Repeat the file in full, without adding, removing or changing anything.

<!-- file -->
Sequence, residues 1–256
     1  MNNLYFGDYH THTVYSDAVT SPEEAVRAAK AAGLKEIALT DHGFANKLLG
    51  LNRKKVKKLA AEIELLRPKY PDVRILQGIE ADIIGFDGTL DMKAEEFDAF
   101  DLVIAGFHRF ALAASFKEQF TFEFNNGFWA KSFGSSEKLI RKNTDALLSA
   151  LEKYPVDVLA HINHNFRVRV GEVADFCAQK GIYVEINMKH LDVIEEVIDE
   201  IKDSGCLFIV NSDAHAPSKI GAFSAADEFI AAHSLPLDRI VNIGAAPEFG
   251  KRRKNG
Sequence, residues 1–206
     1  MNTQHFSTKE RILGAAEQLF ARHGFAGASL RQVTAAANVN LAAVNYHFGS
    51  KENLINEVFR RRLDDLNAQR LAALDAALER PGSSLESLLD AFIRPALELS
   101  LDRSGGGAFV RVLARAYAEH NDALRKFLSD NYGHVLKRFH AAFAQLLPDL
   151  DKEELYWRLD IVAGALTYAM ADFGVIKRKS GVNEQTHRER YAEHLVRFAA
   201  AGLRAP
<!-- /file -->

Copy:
Sequence, residues 1–256
     1  MNNLYFGDYH THTVYSDAVT SPEEAVRAAK AAGLKEIALT DHGFANKLLG
    51  LNRKKVKKLA AEIELLRPKY PDVRILQGIE ADIIGFDGTL DMKAEEFDAF
   101  DLVIAGFHRF ALAASFKEQF TFEFNNGFWA KSFGSSEKLI RKNTDALLSA
   151  LEKYPVDVLA HINHNFRVRV GEVADFCAQK GIYVEINMKH LDVIEEVIDE
   201  IKDSGCLFIV NSDAHAPSKI GAFSAADEFI AAHSLPLDRI VNIGAAPEFG
   251  KRRKNG
Sequence, residues 1–206
     1  MNTQHFSTKE RILGAAEQLF ARHGFAGASL RQVTAAANVN LAAVNYHFGS
    51  KENLINEVFR RRLDDLNAQR LAALDAALER PGSSLESLLD AFIRPALELS
   101  LDRSGGGAFV RVLARAYAEH NDALRKFLSD NYGHVLKRFH AAFAQLLPDL
   151  DKEELYWRLD IVAGALTYAM ADFGVIKRKS GVNEQTHRER YAEHLVRFAA
   201  AGLRAP